[1] In the complexity-theoretic sense. There might still be some milage in doing computationally secure cryptography with only a polynomial adversarial disadvantage, but even that's risky without a lower bound on the polynomial degrees we're dealing with. And, of course, the constant factors involved are important for any specific, concrete case.

There seems to be a lot of confusion over terminology in the comments here. A quick summary:

P, NP and NP-hard only make sense in terms of decision problems, so recall that all problems discussed in that context must have a possible yes/no formulation.

P is the full set of decision problems whose worst case can be decided in polynomial time (O(n^k)), where k is some constant and n is the length of the input in bits.

NP is the full set of decision problems that can be VERIFIED in polynomial time, that is, given an input, an a-priori answer and a "proof" which has a bit length that is polynomial in the size of the input, can be VERIFIED in polynomial time. (I.E, the yes/no answer can be shown to be correct in polynomial time, given this proof). It's trivial to show that P is a subset of NP. (

NP-Hard problems are a set of problems with the following characteristic: If they have a polynomial-time solution then P=NP.

This proof, if it's correct, shows that NP-hard problems don't have a polynomial-time solution.

It's worth noting, as pointed out above, that this result wouldn't prove that factoring large numbers, the discrete logarithm problem or the graph isomorphism problem are intractable, as these problems haven't been proven to be NP-hard. Proving something is in NP doesn't put any lower bound on the complexity, as P is a subset of NP.

P is polynomial. NP is... not polynomial (though it might have another name).

]]>

Let me know if there are any other markets that you guys might want to see.

Jason

Founder of Smarkets

What if P=NP, that is, every problem whose solution can be checked easily can be solved easily.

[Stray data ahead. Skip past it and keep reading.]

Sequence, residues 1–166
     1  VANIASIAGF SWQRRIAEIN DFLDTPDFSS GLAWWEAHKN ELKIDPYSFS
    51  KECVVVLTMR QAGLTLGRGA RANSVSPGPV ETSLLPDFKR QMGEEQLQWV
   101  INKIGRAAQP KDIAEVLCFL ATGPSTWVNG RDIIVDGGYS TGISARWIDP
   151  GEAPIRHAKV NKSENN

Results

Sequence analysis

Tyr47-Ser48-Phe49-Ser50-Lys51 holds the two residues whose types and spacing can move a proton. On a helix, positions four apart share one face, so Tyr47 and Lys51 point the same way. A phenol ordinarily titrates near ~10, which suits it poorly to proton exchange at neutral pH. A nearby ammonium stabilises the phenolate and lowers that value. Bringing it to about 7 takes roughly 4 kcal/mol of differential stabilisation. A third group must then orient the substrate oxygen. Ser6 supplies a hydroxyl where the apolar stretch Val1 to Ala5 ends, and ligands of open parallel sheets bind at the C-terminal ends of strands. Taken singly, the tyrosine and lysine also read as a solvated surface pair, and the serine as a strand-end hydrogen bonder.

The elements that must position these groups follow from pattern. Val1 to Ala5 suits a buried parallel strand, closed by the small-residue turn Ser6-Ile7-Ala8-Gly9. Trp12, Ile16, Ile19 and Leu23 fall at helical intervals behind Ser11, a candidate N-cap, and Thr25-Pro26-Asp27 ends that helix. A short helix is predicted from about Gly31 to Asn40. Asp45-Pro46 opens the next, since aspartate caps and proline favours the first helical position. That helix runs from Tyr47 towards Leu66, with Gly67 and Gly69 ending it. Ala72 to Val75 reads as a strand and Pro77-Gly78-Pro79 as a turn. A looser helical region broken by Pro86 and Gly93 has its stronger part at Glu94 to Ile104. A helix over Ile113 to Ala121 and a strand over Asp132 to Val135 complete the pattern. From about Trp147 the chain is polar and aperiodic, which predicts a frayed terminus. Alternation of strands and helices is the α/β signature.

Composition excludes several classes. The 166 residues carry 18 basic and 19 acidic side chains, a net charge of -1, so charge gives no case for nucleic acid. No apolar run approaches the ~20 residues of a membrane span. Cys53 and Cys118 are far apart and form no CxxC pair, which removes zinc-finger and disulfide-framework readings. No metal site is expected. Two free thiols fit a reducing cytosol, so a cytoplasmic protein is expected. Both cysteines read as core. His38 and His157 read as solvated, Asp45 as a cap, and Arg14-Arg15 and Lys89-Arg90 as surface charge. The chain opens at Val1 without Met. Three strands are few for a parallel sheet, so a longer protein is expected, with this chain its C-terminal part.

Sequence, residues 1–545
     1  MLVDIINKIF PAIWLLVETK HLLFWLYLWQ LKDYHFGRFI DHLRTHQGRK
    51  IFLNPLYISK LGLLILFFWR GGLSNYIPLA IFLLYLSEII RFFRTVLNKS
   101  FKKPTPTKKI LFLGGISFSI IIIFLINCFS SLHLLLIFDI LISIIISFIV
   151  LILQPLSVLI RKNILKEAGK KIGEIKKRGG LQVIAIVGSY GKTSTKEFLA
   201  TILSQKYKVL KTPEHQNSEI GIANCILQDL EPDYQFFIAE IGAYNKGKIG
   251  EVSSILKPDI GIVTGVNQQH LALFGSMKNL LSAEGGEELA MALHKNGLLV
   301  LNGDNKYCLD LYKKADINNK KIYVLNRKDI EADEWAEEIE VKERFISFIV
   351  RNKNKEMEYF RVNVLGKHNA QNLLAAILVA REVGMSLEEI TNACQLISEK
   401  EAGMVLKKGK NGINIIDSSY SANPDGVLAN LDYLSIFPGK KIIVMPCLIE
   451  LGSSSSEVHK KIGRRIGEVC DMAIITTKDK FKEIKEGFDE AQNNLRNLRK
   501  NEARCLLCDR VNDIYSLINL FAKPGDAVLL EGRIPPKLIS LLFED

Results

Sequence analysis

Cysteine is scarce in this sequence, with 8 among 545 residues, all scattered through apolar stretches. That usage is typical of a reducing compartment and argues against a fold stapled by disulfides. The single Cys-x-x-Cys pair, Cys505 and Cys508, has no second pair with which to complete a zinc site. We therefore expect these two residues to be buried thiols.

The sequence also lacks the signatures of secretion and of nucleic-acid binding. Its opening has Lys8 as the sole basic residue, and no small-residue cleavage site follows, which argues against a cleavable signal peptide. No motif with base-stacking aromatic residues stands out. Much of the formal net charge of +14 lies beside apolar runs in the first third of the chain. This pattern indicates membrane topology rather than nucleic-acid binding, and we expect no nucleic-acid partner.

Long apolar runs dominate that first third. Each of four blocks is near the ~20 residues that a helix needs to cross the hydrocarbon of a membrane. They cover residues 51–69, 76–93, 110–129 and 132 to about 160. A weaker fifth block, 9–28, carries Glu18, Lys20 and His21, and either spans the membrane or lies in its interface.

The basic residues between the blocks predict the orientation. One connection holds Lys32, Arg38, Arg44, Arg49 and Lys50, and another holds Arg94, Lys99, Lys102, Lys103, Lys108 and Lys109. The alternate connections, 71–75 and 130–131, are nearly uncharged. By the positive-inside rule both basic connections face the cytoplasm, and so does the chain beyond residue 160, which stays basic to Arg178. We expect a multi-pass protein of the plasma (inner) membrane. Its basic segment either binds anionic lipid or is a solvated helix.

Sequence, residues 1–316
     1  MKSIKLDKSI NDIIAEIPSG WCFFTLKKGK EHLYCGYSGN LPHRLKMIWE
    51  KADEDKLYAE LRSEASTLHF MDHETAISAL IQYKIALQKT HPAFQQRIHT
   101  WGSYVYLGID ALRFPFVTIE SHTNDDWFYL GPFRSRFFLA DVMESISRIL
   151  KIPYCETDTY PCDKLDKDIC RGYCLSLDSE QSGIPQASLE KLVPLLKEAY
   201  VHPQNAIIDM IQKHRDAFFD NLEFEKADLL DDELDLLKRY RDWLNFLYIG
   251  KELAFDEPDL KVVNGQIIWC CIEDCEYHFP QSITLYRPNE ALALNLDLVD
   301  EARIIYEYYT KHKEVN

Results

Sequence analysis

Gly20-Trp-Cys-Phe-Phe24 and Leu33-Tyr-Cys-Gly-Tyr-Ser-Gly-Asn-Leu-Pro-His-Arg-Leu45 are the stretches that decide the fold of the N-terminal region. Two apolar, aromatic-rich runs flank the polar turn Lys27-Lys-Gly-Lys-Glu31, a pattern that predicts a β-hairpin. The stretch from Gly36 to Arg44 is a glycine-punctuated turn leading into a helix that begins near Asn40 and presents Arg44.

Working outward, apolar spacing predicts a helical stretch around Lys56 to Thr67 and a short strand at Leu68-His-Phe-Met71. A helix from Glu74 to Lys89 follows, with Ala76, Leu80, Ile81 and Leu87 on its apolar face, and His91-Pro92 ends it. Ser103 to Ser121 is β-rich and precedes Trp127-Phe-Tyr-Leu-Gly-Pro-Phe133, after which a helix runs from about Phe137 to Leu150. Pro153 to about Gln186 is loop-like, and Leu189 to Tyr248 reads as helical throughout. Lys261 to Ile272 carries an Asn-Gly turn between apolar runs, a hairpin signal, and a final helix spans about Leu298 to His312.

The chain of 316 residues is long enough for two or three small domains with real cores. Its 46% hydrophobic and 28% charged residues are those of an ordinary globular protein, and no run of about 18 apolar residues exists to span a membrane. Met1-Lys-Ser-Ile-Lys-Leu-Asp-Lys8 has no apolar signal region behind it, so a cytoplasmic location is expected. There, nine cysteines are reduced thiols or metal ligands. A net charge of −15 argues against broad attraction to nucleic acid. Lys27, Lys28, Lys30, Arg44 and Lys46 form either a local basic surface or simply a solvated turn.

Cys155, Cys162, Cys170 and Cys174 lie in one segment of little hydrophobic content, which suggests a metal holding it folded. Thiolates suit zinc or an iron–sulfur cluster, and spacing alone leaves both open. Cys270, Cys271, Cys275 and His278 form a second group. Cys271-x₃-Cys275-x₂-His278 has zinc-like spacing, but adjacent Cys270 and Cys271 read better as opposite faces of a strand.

However, finding the solutions is beyond P and NP. That is, every "NP complete" problem has a solution in P, but proving any solution is just as hard as finding it.

Also, P = NP is problematic only if one is wearing myopic crypto glasses.

]]>"There can't be a final proof for P!=NP, because the proof itself is in NP"

Ok I get the reasoning but how do you prove it ;)

!Proof = NoPrize,

]]>There can't be a final proof for P!=NP, because the proof itself is in NP. You have to effectively prove that all possible and thinkable solutions are in NP and none is in P. This makes the problem somehwat self-referential, thus according to Gödel's incompleteness theorem, there can't be a consistent proof.

Yeah, I've always felt public key crypto just didn't have enough assurance. I think Universities getting crypto funding should be spending more effort developing new public crypto methods, like the more recent lattice-based methods that show immunity to quantum attacks. It seems like the public key crypto area is based on a small number of failure points as far as the math goes. If someone gets lucky here, all of this fails. If someone gets lucky there, all of that fails. We have plenty of options for symmetric and hash functions. We need to fund the creation of more asymmetric crypto schemes that work.